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June 26, 2012
ICCR Commends Disney on Advertising by Food and Beverage Companies
    by Robert Kropp

The media giant announces that food and beverage products advertised on its networks will be required to meet nutritional guidelines that are aligned with federal standards.

In a shareowner resolution filed with McDonald's this year, Harrington Investments requested that the fast food giant issue a report "assessing the company's policy responses to growing evidence of linkages between fast food and childhood obesity, diet-related diseases and other impacts on children's health."

"A study from the Institute of Medicine of the National Academies (IOM) concluded that fast food marketing influences children's food preferences, diets and health," the resolution stated.

The responsibility for marketing healthy food choices to children extends beyond companies in the food and beverage industry to include the media as well. Earlier this month, Disney announced that by 2015, all food and beverage products advertised on Disney media will be required to meet its nutrition guidelines.

The nutrition guidelines, established by Disney in 2006, "are aligned to federal standards, promote fruit and vegetable consumption and call for limiting calories and reducing saturated fat, sodium, and sugar," the company said in a statement.

Advertisers that do not comply with Disney's guidelines will be prohibited from purchasing advertising space on the media giant's networks.

Speaking at a press conference announcing the initiative, First Lady Michelle Obama said, "This is a major American company, a global brand that is literally changing the way it does business so that our kids can lead healthier lives."

"I'm thrilled that over the next couple of years, when our kids tune into their favorite shows on Disney channels or they log onto the Disney web site, they will no longer be bombarded with unhealthy messages during those commercial breaks," she continued. "Instead, they will see ads for foods that we might actually want them to eat."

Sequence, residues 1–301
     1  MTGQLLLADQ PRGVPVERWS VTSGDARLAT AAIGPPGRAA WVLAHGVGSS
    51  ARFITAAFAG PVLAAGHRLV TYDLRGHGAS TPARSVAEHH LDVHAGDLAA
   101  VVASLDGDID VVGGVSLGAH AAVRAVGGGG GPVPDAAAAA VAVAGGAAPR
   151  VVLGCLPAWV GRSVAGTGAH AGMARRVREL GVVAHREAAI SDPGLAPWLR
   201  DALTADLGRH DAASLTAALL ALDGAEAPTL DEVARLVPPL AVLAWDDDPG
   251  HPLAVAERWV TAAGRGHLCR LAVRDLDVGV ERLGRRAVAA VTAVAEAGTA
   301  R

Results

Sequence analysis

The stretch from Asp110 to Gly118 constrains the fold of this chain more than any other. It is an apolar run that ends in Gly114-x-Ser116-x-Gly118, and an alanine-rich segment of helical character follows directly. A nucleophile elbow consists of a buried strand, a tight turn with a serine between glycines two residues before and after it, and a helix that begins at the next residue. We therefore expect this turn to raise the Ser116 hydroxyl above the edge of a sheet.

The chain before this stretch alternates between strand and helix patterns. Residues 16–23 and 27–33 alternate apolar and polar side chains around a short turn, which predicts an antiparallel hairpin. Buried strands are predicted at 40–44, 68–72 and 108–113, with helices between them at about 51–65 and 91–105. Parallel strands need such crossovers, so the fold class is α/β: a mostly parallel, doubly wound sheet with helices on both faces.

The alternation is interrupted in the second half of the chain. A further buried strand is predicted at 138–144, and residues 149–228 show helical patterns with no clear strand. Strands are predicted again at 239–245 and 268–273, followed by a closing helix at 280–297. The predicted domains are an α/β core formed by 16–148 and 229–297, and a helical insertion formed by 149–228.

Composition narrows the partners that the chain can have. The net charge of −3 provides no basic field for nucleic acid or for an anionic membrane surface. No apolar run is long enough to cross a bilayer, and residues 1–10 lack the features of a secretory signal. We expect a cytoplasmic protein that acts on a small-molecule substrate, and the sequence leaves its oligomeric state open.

Citing risks associated with litigation and regulatory scrutiny, the sustainable investors at the Interfaith Center on Corporate Responsibility (ICCR) applauded Disney's decision as well.

"The risk of litigation from obesity-related illness should be enough of an impetus to begin tailoring product offerings towards healthier, more nutritious alternatives," ICCR Program Director Nadira Narine said. "Disney's new advertising requirements provide additional incentive to both the food and beverage industries and the media industry to pay close attention to their messaging."

Cathy Rowan of Trinity Health added, ”We are seeing increased scrutiny from industry regulators regarding false and misleading labeling and marketing claims, and there are even calls from local officials to impose bans on 'supersized', high calorie food and beverage products in an effort to control our nation's obesity epidemic. We congratulate the Disney Company on this important, proactive initiative."

And Lauren Compere of Boston Common Asset Management said, "Disney's decision to self-regulate by developing standards for advertisers on their networks is a powerful illustration of corporate social responsibility in action and they are to be commended."


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